# TL431 Constant current source

I have few doubts regarding TL431.

Please correct if i am wrong..  1. TL431 can be used to generate voltages from Vref to 36V. Output voltage is taken across diode in reverse biassed condition. reverse characterstics says Reverse breakdown voltage is 2.5V, then how TL431 can generate different output voltages. Diode breakdown region allows more current(Ika) to be taken but reverse breakdown voltage(Vka) will be almost const. I didn't understand physically how it will generate different voltages.

2. Please explain the operation of the other elements, like When Vref> 2.5V Opamp output will be high, then transistor will be ON and conducts current, but it will not effect diode behavior.

When Ref<2.5 Op-amp output is Low -->Transistor OFF, but it will not affect diode behavior. When the diode will be going to breakdown region?.

1. Constant Current source using TL431 How to explain this circuit.?

One explanation says, REF always maintained at VREF->2.5V, so, constant current source Vref/Rs ----> How REF always maintained at 2.5V

• i didn't get answer to my questions...1. Based on REF voltage w.r.t 2.5V, BJT will turn ON or OFF, but no where data about the diode is mentioned.How diode will work here. ....................from Block diagram, across diode only output voltages taken, diode has Reverse breakdown voltage of 2.5V, then how output voltage can vary from 2.5 to 36V?.... Apr 24, 2014 at 5:25
• Your complete premise is wrong. The BJT is ALWAYS conducting (on and off references have no application here) and the voltage at the high end of Rs is ALWAYS Vref. The Diode shown in the functional diagram has no meaning when the TL431 is in a normal mode (cathode more positive than anode terminal. The diode IS NOT a Zener, though I'm sure it's avalanche point is beyond the 36V rating. Sep 1, 2018 at 23:19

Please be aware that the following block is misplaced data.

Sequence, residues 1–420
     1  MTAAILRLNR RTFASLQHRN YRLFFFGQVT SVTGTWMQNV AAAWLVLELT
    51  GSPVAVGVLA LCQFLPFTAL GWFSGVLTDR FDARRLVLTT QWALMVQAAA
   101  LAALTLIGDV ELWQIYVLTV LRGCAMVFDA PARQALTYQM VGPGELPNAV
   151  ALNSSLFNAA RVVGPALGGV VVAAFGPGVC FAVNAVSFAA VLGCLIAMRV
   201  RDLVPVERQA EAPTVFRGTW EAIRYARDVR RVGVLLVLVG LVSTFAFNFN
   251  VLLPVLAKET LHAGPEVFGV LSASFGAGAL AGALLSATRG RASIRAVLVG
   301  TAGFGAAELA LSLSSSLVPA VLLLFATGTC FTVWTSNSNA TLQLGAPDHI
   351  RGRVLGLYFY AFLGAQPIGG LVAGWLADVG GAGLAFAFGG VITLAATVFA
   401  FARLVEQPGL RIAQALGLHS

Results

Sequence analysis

How to explain this circuit.? Start from scratch imagining the transistor isn't conducting. Voltage across Rs is zero and therefore the TL431 is open circuit - but that's a problem because if it were open circuit (off) there would be decent base current into the transistor and Io would be large.

OK, look at it the other way, TL431 is conducting because Rs has enough voltage across it due to transistor being on - hey but this is wrong too because, if the TL431 were conducting there would be no voltage on the transistor base and therefore it isn't conducting and Rs has no voltage across it.

The goldilocks answer - the transistor is just conducting enough to allow 2.5 v to develop across Rs which in turn is just starting the turn the TL431 on and if it turned on too much, the current would reduce thru Rs and this would counteract the TL431 turning on too much.

It's called negative feedback.

1. The breakdown is more properly "forward breakdown" if you think of it as a zener- the cathode is negative. That's not the normal operating mode, in any case. Normally you want the cathode positive, and by dividing the voltage on the cathode down you can get the IC to regulate at any voltage from 2.5V (no divider) to 36V (maximum voltage).